The director of the Minneapolis Department of Civil Rights says it's "unfortunate" and "regrettable" that a draft report alleging forced sedation of people in police custody was leaked to the Star Tribune.
The newspaper reported last week that in some cases police officers suggested or urged emergency medical staff to use the drug after a person was already in handcuffs or restrained.
Civil rights director Velma Korbel said staff from the Office of Police Conduct Review (OPCR), which is a part of the civil rights department, monitored body camera footage of use of force incidents last fall.
"During this review process, several instances were observed of individuals being injected with an unknown substance by emergency medical professionals," said Korbel at a Thursday meeting of the council's Public Safety and Emergency Management committee.
Staff members suspected the substance was the sedative ketamine. Korbel said the OPCR looked for any mention of the use of sedatives in the police department's policy handbook, but found none. Staff also searched police reports going back to 2010 that contained a mention of ketamine and reviewed corresponding body camera footage if it was available.
"A total of 159 reports mentioning ketamine from 2010 to 2018 were reviewed," said Korbel. "And a total of eight incidents were observed to include instances of MPD-involved decision making prior to sedation."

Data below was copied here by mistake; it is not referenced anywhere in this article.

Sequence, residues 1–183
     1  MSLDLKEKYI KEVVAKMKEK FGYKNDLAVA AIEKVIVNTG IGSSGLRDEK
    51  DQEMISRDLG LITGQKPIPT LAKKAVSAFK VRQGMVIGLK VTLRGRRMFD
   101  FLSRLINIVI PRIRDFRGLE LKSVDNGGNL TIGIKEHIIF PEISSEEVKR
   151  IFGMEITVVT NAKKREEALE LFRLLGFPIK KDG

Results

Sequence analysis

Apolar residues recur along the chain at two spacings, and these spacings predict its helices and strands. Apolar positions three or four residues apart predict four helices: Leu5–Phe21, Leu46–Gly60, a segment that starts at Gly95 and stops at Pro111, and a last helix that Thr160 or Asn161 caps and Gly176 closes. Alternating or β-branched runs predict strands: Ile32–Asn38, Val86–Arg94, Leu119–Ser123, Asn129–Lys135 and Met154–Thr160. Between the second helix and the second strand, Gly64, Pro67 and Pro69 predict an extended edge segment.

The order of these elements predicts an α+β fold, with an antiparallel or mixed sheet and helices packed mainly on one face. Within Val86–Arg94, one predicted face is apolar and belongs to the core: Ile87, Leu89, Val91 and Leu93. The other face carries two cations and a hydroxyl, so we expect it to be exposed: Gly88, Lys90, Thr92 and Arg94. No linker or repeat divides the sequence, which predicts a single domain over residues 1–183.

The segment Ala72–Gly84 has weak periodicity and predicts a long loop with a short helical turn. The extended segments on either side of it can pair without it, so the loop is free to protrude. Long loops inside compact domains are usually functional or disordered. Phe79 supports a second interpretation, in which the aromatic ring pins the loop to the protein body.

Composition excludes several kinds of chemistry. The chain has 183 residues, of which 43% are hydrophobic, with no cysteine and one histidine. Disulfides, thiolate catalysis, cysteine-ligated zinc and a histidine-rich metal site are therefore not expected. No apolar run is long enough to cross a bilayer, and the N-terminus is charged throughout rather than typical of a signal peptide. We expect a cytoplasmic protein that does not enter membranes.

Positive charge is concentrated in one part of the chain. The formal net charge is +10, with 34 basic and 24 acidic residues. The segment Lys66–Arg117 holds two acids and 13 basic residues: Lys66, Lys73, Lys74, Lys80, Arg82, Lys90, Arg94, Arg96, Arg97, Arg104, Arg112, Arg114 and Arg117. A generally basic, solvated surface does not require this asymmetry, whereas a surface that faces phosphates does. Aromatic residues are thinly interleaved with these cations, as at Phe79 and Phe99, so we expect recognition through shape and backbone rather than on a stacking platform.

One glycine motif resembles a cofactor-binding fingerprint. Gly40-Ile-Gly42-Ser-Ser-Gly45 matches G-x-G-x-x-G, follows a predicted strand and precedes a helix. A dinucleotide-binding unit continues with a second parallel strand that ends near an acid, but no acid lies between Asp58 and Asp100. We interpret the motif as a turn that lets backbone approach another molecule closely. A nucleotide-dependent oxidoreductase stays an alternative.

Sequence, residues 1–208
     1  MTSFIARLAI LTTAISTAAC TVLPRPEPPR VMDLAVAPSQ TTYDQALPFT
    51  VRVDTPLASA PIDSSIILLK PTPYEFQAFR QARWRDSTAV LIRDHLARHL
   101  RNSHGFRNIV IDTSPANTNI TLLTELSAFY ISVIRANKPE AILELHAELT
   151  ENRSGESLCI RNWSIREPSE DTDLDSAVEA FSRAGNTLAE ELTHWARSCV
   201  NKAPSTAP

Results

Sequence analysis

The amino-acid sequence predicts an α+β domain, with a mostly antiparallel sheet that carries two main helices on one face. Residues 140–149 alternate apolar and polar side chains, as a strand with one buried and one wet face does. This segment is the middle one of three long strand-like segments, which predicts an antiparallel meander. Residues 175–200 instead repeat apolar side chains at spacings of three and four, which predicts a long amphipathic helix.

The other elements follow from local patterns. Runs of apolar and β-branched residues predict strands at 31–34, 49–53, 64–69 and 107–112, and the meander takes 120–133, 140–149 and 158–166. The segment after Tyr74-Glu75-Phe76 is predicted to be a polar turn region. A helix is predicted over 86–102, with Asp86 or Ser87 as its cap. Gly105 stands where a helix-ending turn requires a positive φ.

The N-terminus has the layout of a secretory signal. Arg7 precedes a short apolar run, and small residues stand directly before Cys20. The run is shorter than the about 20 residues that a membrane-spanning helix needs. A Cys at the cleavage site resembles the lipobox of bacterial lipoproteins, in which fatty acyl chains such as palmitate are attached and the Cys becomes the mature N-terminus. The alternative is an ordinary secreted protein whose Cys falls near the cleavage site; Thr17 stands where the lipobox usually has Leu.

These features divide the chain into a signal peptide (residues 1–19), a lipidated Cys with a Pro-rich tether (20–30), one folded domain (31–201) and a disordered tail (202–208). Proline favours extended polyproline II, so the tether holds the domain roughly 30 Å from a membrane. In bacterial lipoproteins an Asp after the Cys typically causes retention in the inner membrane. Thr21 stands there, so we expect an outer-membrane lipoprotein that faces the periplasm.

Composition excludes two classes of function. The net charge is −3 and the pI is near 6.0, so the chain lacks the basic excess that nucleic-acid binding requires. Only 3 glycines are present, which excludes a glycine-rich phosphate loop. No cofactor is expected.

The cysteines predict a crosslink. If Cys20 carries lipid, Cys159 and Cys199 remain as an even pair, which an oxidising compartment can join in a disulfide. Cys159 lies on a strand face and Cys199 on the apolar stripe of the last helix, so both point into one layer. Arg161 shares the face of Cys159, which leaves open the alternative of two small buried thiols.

Korbel said there is still work to be done on the draft report. Other involved parties have yet to go back over the findings and make corrections or additions. Korbel expects the draft should be finalized by the end of next month.
When asked if any officers had been disciplined, Deputy Chief Henry Halvorsen said the department is still looking into the findings.
"The study is still in draft phase so we don't have a lot of the information," said Halvorsen. "We have not gone forth and fully identified all the officers yet on our end regarding the information the OPCR has. So nobody has been disciplined on this."
Halvorsen says the department has issued a policy change making it clear that officers are prohibited from taking part in medical decision making.
The leaked report has sparked anger and concern from advocates for police accountability. In a public comment session during the meeting, Michelle Gross of Communities United Against Police Brutality, said allegations in the report are examples of police abuse. And she said the problem is more widespread than what is outlined in the draft report.
"A few years ago we started to hear about people telling us, 'the police made them drug us,' ... at first you think, 'you've got to be kidding me,'" said Gross.
In some cases, she said, people reported having injuries after their encounters with police, but they didn't remember how they got hurt.
"The drug ketamine does have an amnesiac effect," said Gross. "And so it makes people forget what happened to them — which is pretty appalling. This, to us, represents a violation of people's constitutional rights."
Gross and others called for a "credible" third party investigation into the allegations outlined in the report. Earlier this week police Chief Medaria Arradondo and Mayor Jacob Frey released a statement saying the city is close to selecting an independent investigator.